Getting catty under the Northern Lights
Where am I? Am I on a bus? Why is someone on a PA system telling me stuff about the Northern Lights?
Maybe a midnight Northern Lights tour was not the best choice after a sleepless red-eye flight to Iceland from Toronto, but I only had one chance. Apparently aurora borealis goes in 12 year cycles, and this year was the peak, albeit the weakest one since record-keeping began.
I woke up more completely when we reached Thingvellir, which the guide informed us was were Iceland’s Parliament was formed in 930. Called the “Althing” (which yes, means “all-thing”) it is the oldest parliamentary body in the world. It looked like a parking lot in the middle of nowhere to me, but then again, I was asleep and it was pitch black, so what do I know?
A 1,083 year-old governing body? Impressive. A house that makes it to 100 in my hometown becomes an official historical landmark. (Though 1,083 is middle age for a redwood tree. Nothing tops my redwoods. No arboreal pun intended.)
10 busloads of us shuffled straight into a cafeteria where we stood elbow to kidney, DSLRs clacking against one another, wondering if we’d see anything. The trip had been canceled every night for the last week on account of weather, but the Travel Gods were smiling and the night was clear, though there’s still no guarantee. The guides said to wait inside and they’d tell us if something started happening.
What would aurora borealis look like. How fast does it actually move? I had the idea that all the clips I’d ever seen were time-lapse, but wasn’t sure. Would we be able to run outside and see anything? Would it be a mad stampede of screaming and swearing in a dozen languages? That might be as fun to watch as the Lights…
How do you say “Get out of my way you camera-toting jackass” in Icelandic?
Then the cork was pulled and well-wrapped bodies were surging for the door. We stumbled out onto the unlit plain and looked up into the starry sky, eyes pinched shut against the cold, but ready for brilliance.
There was some confusion. I heard “um…is that it over there?” in Japanese and German.
There was a pale milky streak like a wimpy cloud hanging over the hillside to the north. But if you watched it long enough you’d notice that it was in fact slowly shifting and changing. I huddled next to my new Taiwanese buddy Jin, taking pictures between moderately successful efforts to keep blood flowing in my fingers.
They looked like this.
It was a rare case where the camera’s perspective is better than the eye’s, the milky blur showing up as emerald variation. But even a milky smear is gorgeous when you’re sitting in an Icelandic field with a few gajillion stars overhead. I love this planet.
After an hour and a half we ran into our Australian roommates, who told us there were two posts with buckets on top where you could rest your camera. That sounded promising.
We headed back out but found the buckets occupied by some dedicated non-sharers. The first was an Englishman taking black pictures, unable to set the shutter speed on his expensive Nikon that was well beyond his ability. He was a skilled at muttering swear words though.
The second was a tiny Japanese lass who was taking dozens of identical pictures with her point-and-click. In my family we call this “Shamu-ing” after my brother used an entire roll of film at SeaWorld taking identical pictures of the famous killer whale as a black speck way in the distance.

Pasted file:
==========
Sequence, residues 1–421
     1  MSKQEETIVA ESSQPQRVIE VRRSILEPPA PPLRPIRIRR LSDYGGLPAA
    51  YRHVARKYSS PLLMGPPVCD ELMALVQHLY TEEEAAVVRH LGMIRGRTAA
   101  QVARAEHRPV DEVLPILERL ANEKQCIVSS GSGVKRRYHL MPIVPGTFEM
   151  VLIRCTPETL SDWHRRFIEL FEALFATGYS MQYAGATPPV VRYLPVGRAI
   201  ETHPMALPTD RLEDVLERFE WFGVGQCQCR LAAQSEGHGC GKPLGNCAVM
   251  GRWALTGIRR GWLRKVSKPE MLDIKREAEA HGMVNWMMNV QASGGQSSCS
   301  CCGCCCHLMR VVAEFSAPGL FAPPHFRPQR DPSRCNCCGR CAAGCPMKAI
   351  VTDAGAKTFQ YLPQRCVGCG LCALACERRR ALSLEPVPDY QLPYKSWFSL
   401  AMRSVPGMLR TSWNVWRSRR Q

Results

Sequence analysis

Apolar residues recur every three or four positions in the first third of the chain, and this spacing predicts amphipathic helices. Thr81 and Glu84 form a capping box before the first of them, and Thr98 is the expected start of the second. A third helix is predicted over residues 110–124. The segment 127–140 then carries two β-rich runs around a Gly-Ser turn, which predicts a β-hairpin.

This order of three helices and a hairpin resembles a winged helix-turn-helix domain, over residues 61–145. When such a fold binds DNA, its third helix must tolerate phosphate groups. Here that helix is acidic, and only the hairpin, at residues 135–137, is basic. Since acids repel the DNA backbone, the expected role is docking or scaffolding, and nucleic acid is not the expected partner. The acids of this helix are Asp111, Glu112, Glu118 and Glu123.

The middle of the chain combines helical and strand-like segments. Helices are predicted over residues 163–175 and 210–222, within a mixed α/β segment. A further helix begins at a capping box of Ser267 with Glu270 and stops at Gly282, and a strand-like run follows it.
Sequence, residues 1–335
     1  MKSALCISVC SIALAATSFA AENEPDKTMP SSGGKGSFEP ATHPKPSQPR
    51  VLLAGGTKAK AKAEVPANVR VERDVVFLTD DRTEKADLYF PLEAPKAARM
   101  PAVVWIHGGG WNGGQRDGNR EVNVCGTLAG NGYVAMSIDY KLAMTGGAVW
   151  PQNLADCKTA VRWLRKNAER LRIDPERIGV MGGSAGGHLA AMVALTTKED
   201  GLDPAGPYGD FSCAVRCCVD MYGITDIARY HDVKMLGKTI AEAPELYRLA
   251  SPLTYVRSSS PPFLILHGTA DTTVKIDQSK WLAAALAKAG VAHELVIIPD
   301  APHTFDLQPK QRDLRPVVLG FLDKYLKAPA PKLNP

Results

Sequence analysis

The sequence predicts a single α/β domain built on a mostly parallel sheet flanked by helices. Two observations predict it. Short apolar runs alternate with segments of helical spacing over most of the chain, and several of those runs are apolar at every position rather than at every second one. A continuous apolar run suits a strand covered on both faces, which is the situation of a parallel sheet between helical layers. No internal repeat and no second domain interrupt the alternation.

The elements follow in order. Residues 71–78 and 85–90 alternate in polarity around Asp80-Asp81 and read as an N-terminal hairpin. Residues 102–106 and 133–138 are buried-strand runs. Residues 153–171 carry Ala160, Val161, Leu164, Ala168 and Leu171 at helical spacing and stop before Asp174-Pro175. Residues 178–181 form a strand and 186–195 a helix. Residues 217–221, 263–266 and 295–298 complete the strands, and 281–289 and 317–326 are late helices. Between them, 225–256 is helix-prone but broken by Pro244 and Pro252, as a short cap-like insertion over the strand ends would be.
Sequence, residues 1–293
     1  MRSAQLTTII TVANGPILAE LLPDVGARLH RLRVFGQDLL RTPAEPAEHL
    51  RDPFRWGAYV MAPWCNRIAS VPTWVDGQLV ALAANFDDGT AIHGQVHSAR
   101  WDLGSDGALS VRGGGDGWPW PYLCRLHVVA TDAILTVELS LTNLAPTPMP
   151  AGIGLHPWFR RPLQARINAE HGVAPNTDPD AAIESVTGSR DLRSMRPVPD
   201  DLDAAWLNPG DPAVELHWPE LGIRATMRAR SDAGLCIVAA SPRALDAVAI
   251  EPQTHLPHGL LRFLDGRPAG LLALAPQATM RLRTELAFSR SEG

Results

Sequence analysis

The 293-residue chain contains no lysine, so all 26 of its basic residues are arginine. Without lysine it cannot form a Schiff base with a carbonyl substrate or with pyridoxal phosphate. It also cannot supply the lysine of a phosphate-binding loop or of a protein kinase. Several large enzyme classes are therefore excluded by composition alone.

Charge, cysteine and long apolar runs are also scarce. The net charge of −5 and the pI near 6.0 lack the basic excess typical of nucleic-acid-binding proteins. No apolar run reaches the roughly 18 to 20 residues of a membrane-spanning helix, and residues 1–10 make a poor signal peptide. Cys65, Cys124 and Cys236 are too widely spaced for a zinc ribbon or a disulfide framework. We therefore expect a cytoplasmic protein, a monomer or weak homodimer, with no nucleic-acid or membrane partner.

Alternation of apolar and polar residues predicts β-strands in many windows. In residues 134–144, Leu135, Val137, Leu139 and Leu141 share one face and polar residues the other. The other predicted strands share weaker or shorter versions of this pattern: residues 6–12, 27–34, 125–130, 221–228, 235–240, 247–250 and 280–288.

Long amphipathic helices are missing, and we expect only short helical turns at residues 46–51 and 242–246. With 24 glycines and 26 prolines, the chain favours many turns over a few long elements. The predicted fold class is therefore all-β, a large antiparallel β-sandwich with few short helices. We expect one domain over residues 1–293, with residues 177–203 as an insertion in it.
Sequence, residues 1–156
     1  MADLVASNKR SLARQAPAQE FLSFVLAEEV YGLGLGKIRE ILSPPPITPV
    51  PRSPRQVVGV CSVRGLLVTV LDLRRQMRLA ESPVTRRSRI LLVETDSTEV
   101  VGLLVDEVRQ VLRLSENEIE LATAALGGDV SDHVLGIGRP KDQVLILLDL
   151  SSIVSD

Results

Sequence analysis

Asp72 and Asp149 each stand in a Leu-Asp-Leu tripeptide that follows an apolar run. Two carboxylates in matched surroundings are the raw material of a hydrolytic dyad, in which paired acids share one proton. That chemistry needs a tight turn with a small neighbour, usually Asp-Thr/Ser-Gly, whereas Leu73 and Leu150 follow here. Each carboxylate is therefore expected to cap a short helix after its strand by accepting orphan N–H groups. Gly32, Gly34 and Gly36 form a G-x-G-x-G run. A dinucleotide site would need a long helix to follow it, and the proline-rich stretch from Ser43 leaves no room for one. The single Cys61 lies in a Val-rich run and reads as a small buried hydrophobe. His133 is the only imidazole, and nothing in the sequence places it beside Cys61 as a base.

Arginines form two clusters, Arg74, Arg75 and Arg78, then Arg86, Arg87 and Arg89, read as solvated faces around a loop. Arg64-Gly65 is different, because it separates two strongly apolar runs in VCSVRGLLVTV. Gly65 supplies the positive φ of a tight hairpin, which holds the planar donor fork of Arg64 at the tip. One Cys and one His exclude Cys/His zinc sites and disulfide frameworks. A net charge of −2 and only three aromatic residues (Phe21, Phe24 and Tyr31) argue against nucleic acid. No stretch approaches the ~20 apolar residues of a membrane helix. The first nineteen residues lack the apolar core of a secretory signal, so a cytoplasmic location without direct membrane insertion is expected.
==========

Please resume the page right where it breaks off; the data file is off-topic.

I’d already burned off the day’s body heat, and we were running out of long frozen minutes. I stood politely, waiting, freezing in the glacier’s breath, and my patience leaked out and formed icicles from my cold-clawed fingertips. Then I started to lose my cool in the cold of the Icelandic countryside.
I would never push someone out of my way, but…good god, enough! The icicles cracked and I got catty.
“Would you mind sharing the post?” I asked. Politely enough.
“Ah, hmm, ah, just a minute.” One more. Then one more. Another.
“No problem, take another fifty or sixty if you like.” Crack. Meow.
The Englishman picked his expensive paperweight up and wandered off into the darkness, presumably intent on Nikonicide. Several of us pounced, and eventually I took a few, but most were ruined by the Japanese lass futzing with her flashlight, which doesn’t go well with 30 second exposures and a fencepost in the foreground.
I had a chance to try again though, and got this nice fuzzy one by zooming out over the course of the 30 second exposure. I really should get a tripod so I can experiment and figure this stuff out.
That chick never did let anyone else go (and she had the better bucket, without the post) but it wasn’t too hard to focus on the aurora in front of me, boreal breath of the gods, and I returned to Reykjavik with a happy heart in a frozen body.
Three hours of sleep, then a flight to Amsterdam.
Thank you! (I assume you meant that in a good way… 😉
Thank you ariannaeliselevy! Now that I’ve finally warmed up, I’ve forgotten the cold and only remember the fun and the beauty, and I am glad to hear you could appreciate it too. Salud!
Wow Tim, you made it to Iceland. AND you saw the Northern Lights. Incredible! This story is hilarious. I can absolutely imagine all of you photographers bundled against the cold, bleary minded, and jostling around a bucket or two.
I had a whole evolution of response to the nasty Britishness, which corresponded to my body temperature I bet. First warm amusement, then cold irritation, and finally a sort of frozen acceptance bordering on Buddhahood. Then just finally cranky.
I am absolutely LOVING all these comments Jackinator! I am going to parcel them out to myself as pick-me-ups during these easily-bleak days. Nothing throws color onto a drab afternoon like friendship!
And, yes, let’s give a shout out to the Redwoods. Opa!